By Geoff Mehl
The 25-word thing, is of course only the tip of the iceberg. Geoff Mehl shares what he’s learned about building from a three-act-story process where setup becomes introduction, character empathy building, inciting incident, conflict begins and ends with pinch points, and resolution/climax. He’s learned from a number of agents that 25 words should be the very first paragraph in a query, and a useful exercise to plot a story.
Remember the old contests when you were invited to extoll a product in “twenty-five words or less” and perhaps win a prize? It was a means for companies to reinforce a brand and consumer loyalty, get a feel for branding possibilities, perhaps have a giant idea bin for some of those classic advertising jingles.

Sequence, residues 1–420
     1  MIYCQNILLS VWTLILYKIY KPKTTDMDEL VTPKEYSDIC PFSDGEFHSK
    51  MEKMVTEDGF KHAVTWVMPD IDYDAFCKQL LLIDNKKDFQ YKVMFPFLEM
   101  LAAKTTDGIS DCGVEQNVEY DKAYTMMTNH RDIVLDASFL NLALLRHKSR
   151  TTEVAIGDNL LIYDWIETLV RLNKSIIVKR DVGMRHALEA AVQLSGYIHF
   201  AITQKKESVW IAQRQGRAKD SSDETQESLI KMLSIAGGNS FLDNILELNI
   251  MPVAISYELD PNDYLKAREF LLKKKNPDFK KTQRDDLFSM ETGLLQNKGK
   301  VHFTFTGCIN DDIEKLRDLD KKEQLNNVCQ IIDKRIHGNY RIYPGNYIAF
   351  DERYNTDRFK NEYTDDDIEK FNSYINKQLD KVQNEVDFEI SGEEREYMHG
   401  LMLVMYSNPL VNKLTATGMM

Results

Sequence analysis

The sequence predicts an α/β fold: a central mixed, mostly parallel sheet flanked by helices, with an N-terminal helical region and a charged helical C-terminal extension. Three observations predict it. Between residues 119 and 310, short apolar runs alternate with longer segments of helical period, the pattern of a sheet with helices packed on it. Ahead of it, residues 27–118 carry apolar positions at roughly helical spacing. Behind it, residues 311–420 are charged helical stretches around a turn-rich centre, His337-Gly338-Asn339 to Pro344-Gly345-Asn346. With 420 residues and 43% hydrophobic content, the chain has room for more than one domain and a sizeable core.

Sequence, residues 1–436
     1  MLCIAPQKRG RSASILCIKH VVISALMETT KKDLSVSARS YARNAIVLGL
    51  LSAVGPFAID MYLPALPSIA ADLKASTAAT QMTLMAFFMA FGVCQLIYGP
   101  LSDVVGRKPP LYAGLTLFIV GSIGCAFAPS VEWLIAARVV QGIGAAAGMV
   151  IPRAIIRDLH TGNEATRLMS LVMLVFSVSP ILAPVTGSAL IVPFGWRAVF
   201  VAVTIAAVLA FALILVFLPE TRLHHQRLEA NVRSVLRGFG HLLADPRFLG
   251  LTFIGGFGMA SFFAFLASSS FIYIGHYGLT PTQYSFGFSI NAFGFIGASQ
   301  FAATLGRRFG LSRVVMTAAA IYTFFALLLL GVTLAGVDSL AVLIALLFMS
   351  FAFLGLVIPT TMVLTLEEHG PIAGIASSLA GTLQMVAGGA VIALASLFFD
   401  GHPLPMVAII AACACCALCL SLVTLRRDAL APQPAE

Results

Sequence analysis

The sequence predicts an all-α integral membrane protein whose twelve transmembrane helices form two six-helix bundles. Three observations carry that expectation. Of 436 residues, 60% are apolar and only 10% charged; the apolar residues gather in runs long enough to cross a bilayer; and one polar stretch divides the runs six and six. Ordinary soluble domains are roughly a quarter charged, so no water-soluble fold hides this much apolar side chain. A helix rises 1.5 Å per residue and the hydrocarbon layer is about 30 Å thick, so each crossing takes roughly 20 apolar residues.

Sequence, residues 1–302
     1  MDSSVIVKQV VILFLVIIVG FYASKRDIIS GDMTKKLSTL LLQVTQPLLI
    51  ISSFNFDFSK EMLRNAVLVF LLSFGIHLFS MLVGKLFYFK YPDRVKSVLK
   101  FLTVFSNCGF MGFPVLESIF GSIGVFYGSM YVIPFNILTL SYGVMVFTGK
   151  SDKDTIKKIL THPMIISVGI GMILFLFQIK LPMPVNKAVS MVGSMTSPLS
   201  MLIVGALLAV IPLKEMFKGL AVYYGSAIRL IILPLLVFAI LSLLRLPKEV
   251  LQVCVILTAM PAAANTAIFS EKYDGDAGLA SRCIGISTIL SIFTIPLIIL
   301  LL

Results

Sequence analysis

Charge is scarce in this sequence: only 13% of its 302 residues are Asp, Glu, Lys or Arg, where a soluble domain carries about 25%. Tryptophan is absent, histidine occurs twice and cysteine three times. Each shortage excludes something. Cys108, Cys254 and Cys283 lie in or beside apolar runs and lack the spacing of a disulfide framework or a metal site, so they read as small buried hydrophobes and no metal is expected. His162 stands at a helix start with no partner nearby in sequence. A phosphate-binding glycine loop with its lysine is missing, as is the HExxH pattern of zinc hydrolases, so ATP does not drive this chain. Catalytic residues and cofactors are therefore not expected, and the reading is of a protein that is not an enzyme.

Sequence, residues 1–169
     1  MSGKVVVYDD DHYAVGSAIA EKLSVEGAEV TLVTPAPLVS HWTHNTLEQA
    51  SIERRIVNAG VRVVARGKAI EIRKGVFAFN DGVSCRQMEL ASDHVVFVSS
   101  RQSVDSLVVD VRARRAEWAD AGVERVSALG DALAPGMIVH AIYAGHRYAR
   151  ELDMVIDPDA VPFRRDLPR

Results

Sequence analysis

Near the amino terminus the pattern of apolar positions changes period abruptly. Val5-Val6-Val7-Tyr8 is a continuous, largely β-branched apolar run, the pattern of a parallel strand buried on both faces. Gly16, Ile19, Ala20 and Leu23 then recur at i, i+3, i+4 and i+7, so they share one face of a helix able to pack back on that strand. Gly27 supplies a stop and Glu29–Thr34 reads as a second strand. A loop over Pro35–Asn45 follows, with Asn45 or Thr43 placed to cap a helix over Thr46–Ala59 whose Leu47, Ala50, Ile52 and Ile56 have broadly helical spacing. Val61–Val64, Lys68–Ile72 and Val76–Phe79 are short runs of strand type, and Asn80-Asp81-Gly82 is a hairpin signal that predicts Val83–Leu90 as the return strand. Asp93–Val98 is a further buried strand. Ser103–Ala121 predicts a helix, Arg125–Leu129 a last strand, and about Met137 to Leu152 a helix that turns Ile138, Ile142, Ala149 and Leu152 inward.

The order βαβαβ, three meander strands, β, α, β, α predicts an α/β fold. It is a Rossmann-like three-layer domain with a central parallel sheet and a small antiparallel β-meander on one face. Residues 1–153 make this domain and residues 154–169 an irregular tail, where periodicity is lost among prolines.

Fast forward to this winter, when we all curl up and enjoy a really good story — ours — because we have this really cool idea for a marvelous tale and a lot of time for the keyboard.
“So you’re actually writing a story?”
“What’s it about?”
And there we are, oftentimes mumbling our way through an explanation that goes on and on until our listener’s eyes glaze over and their thoughts turn to the pressing need to clean their refrigerator.
But merrily we press on as the darker days of winter close in, the glow begins to wither from the concept, the characters become boring and we run out of synonyms for “said.” Spring offers a reprieve, distraction, escape. Our once-grand idea, now just a sad little puddle of mush, gets put aside “to be fixed later, maybe, when there’s time.”